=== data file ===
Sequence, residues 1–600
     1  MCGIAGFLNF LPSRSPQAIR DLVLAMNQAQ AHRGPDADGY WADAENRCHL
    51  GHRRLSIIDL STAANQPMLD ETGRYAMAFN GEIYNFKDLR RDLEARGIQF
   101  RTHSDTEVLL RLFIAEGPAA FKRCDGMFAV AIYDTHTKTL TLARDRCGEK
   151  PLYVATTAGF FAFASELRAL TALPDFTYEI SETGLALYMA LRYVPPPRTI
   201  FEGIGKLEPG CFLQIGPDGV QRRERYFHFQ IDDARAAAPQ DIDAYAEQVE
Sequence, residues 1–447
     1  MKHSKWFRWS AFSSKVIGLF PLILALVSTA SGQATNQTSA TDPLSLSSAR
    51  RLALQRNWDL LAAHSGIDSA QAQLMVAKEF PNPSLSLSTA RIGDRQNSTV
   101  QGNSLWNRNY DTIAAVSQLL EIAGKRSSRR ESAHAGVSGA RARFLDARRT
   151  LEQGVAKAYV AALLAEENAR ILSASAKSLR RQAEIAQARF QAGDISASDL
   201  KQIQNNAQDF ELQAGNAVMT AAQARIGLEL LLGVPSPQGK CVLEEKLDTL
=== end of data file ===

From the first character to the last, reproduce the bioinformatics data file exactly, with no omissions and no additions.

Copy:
Sequence, residues 1–600
     1  MCGIAGFLNF LPSRSPQAIR DLVLAMNQAQ AHRGPDADGY WADAENRCHL
    51  GHRRLSIIDL STAANQPMLD ETGRYAMAFN GEIYNFKDLR RDLEARGIQF
   101  RTHSDTEVLL RLFIAEGPAA FKRCDGMFAV AIYDTHTKTL TLARDRCGEK
   151  PLYVATTAGF FAFASELRAL TALPDFTYEI SETGLALYMA LRYVPPPRTI
   201  FEGIGKLEPG CFLQIGPDGV QRRERYFHFQ IDDARAAAPQ DIDAYAEQVE
Sequence, residues 1–447
     1  MKHSKWFRWS AFSSKVIGLF PLILALVSTA SGQATNQTSA TDPLSLSSAR
    51  RLALQRNWDL LAAHSGIDSA QAQLMVAKEF PNPSLSLSTA RIGDRQNSTV
   101  QGNSLWNRNY DTIAAVSQLL EIAGKRSSRR ESAHAGVSGA RARFLDARRT
   151  LEQGVAKAYV AALLAEENAR ILSASAKSLR RQAEIAQARF QAGDISASDL
   201  KQIQNNAQDF ELQAGNAVMT AAQARIGLEL LLGVPSPQGK CVLEEKLDTL